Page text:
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Showing posts from June, 2013

Texas Wild tomato proves to be a hardy producer

Growing our own food is made easier when we find varieties that are especially suited to our climate. The Texas Wild tomato is an example of a food crop that has adapted so well to Texas that it has naturalized and can grow well even when it's neglected.
North Texas grower Marshall Hinsley first grew Texas Wild in his Waxahachie garden in the mid 1990s and says, "In my attempt to opt out of industrialized agriculture and declare food independence, Texas Wild has liberated me from the produce aisle of the grocery store more than any other crop except for Swiss chard. Many of my Texas Wild tomato plants just pop up in one garden bed or another from fruit that I’ve accidentally dropped the year before."


Honeybees aren't the only insects pollinating our food crops

Colony Collapse Disorder in honeybees is justifiably alarming.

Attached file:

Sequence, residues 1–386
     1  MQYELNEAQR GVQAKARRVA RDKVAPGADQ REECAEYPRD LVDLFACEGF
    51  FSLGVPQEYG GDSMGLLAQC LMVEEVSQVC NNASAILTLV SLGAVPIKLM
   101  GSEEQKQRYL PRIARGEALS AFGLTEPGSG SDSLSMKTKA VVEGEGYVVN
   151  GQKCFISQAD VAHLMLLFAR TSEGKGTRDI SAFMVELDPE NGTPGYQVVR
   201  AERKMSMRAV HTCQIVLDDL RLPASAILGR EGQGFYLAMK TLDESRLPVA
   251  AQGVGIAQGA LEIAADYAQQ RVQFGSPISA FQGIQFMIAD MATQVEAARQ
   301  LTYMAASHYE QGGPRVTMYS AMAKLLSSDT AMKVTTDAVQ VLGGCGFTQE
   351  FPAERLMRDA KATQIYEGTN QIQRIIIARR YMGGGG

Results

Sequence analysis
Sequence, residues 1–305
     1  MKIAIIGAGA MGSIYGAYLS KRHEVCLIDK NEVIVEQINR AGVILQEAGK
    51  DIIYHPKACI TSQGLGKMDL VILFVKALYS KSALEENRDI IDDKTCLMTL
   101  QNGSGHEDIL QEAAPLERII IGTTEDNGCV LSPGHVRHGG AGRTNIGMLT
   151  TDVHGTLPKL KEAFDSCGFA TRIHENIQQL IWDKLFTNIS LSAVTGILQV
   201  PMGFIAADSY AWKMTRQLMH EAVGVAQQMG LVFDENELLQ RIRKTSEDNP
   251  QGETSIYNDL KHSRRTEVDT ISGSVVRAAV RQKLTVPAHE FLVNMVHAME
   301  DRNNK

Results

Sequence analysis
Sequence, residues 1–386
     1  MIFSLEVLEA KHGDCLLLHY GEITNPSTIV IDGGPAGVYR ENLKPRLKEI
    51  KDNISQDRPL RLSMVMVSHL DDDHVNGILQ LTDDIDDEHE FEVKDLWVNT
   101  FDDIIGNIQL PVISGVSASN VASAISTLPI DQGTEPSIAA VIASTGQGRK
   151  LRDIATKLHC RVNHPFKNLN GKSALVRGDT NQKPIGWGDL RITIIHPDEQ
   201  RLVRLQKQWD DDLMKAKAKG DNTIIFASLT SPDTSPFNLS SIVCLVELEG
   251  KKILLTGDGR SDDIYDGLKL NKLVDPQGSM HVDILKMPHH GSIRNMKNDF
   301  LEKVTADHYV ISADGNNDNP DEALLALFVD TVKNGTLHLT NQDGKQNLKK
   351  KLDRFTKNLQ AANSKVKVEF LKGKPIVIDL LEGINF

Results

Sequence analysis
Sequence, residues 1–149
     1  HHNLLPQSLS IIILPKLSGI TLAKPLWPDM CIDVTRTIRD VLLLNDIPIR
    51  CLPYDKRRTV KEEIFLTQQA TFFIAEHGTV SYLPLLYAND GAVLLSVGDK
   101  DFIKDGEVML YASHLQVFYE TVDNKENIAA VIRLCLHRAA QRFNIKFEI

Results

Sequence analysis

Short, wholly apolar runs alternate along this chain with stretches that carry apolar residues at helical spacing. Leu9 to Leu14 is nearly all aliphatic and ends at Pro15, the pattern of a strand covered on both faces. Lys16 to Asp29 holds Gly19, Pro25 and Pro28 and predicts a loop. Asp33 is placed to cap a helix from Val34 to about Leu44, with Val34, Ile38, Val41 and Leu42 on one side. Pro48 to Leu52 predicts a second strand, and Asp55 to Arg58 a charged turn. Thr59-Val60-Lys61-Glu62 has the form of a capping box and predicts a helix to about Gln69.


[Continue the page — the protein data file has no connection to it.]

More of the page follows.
But are we missing an important aspect about sustainability by focusing our concern on only honeybees?

Marshall Hinsley argues that honeybees are part of industrialized agriculture and that by emphasizing their condition, we may miss something more important.

Read up on why native bees deserve more respect and consideration in this installment of the Farmer Diaries.

Novice farmer takes harvest to market

If everyone had a garden, we'd have a very different food system. Marshall Hinsley of Waxahachie has narrowed his professional focus to allow time to take on a new endeavor: sustainable agriculture.

Not only is he growing independent from the grocery store, he's also able to sell his bounty for extra pocket cash.

Read the latest article in the Farmer Diaries series here:

Seed saving imperative

The practice of seed saving will become increasingly important as crops grow more and more contaminated by genetically engineered genes.